Saturday July 21, 2012
Commercial mountaineering expeditions
By CHERYL POO
Commercial mountaineering expeditions are helping more locals strike major mountains off their checklist.
FAMOUS peaks like Mount Everest or K2 entice only the brave because the journey to the top is fraught with risks, what with the challenges posed by the altitude, extreme weather conditions and tough terrain.
Depending on the height of a mountain, a climb up can last between 10 and 60 days.
However, over the decades, mountain-climbing has become commercialised and a lot more accessible as locals started to provide guiding and portering services, as well as food and accommodation, to visitors who want to conquer mountains.
However, a would-be climber still has to think of such things as logistics, communication with local people and fitness training, and this is where people like Singapore-based Khoo Swee Chiow and his wife Tok Wee Leng, and local adventure group, Persatuan Kembara Negara, come in. They handle all the preparations and make sure you are good to go when you embark on your tough adventure.
While there are foreign outfits out there that provide the same services, many people prefer local or regional companies.
“Having a ‘familiar face’ travel with them gives clients that added confidence that they don’t quite get with a foreigner,” says Khoo, who belongs in the elite list of climbers who have conquered the Seven Summits.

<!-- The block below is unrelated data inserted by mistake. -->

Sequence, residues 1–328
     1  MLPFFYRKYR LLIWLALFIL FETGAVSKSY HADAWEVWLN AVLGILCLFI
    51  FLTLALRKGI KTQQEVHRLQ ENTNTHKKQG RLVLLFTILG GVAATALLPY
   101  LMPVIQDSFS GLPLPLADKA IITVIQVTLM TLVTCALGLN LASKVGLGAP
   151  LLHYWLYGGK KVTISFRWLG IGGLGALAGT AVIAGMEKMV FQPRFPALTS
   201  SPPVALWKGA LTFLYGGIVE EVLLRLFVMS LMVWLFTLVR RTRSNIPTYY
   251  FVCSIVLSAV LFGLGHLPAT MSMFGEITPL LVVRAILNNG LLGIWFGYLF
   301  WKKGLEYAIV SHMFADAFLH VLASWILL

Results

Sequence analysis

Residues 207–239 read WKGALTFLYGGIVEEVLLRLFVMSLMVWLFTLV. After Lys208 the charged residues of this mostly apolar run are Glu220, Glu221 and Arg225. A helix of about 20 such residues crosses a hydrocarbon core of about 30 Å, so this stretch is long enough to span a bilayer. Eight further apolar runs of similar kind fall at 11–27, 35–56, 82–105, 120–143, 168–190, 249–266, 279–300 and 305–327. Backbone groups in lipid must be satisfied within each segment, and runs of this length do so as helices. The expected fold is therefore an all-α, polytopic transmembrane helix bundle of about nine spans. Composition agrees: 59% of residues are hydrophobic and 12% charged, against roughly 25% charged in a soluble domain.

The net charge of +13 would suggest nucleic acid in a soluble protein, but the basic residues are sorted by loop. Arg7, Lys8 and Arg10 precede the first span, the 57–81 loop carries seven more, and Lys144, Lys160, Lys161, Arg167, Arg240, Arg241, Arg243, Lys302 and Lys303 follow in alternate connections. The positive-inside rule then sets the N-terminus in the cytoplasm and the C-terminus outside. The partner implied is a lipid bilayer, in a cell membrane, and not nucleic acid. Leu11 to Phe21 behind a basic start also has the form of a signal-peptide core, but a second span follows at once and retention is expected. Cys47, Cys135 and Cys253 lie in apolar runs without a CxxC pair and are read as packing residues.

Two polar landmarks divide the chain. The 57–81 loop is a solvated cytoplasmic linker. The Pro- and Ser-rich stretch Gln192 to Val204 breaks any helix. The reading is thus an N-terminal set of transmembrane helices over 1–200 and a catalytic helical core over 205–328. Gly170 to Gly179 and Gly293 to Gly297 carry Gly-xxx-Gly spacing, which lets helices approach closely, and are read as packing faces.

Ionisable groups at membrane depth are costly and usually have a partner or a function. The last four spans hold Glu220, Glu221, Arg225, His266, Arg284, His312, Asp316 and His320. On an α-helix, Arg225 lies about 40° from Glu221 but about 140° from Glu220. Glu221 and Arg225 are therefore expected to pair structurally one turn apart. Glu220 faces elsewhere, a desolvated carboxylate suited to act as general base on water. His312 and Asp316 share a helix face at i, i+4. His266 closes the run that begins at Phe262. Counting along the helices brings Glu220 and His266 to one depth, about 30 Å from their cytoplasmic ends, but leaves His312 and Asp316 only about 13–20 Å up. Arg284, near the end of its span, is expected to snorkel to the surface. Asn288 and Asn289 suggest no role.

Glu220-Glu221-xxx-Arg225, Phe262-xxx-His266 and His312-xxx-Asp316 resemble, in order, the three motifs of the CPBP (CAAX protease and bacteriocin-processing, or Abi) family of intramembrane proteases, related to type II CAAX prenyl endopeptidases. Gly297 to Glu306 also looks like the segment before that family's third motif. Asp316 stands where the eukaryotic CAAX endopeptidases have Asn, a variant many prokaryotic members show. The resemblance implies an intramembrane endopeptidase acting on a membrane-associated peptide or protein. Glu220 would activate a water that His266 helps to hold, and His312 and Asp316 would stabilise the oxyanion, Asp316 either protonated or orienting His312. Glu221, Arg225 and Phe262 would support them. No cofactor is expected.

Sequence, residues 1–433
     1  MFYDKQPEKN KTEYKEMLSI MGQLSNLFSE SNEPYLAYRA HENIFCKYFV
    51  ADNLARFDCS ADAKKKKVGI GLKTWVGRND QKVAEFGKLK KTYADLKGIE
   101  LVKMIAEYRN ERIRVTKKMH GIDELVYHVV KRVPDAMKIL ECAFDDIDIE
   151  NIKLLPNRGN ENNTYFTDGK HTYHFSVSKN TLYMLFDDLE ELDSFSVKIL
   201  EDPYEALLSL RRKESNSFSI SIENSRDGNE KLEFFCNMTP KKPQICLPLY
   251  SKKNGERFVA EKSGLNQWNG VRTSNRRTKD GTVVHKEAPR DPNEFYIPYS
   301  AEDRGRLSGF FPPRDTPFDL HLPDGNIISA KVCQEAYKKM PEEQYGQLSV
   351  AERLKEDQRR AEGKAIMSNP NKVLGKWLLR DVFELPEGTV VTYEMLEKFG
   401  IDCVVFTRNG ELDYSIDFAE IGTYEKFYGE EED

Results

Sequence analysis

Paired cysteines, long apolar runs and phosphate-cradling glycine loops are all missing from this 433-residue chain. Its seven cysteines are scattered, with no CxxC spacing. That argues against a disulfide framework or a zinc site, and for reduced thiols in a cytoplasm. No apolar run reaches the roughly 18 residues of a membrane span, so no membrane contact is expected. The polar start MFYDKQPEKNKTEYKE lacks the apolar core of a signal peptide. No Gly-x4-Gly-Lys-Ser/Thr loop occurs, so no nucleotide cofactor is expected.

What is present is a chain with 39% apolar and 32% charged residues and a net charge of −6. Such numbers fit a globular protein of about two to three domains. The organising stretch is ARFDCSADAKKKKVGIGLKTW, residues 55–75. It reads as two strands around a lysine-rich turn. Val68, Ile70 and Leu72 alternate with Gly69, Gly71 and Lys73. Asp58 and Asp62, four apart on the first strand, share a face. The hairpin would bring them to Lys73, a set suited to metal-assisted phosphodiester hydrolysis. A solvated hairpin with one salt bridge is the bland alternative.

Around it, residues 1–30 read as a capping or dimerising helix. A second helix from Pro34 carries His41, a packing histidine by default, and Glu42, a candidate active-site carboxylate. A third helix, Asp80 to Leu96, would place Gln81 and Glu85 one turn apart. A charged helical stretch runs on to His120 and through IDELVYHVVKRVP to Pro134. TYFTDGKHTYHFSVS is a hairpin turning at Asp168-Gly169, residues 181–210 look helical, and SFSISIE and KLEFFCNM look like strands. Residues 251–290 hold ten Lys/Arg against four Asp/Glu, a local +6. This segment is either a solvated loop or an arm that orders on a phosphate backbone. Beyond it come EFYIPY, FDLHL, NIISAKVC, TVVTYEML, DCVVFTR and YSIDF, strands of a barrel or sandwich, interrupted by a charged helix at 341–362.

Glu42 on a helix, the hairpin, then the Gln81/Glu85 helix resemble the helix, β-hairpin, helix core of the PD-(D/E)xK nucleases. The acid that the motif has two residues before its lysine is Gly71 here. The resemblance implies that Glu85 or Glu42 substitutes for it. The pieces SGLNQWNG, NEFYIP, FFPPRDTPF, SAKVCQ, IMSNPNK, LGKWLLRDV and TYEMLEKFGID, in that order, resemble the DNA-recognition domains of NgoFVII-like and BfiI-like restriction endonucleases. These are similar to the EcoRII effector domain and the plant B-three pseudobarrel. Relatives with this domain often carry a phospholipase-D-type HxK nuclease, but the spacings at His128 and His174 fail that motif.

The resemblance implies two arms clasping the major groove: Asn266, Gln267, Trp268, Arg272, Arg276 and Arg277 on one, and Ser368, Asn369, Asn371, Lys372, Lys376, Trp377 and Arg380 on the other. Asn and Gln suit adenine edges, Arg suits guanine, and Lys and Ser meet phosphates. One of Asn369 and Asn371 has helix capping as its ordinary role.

Khoo has also traversed the Philippine archipelago on kayak, set the world record for the longest scuba dive at nine days and visited both North and South Poles.
Khoo’s experience and survival skills are what clients need when they are out in inhospitable terrain. After all, he has survived many life-threatening situations, including a blizzard on an ice cap in Greenland, and another incident during his 8,000m climb up Mount Shishepengma in Tibet, where blustering winds made the air thin and extremely difficult for his team to breathe.
Another plus point is that Khoo works closely with local guides, with whom he’s well acquainted.
Lucas Lu, 44, was one of seven people who joined Khoo’s 15-day expedition to South America’s highest peak, Mount Aconcagua (6,962m), in January this year, where two men in the team suffered severe altitude sickness.
The local guides insisted that the two quit, and wanted to escort them downhill so as to prevent further harm.
“Khoo’s experience and judgement was critical then,” remembers Lu.
“Because he knew the men well and was confident in their capability, he insisted that they journeyed on with us. And they eventually made it to the top with us. Had it not been for Khoo’s persistence and discernment, my teammates would have missed out on the achievement,” he points out.
The home factor
Every climbers’ survival and success up in the mountains hinges on fitness, survival skills and determination.
“Adaptation is key on these isolated terrains. While there are Sherpas to help and guide us, it must be remembered that those people grew up in that habitat. We, on the other hand, are partial to hot weather,” explains 28-year-old Mohd Afnal, a committee member and trainer at Persatuan Kembara Negara, a local adventure organisation that trains and sponsors selected candidates.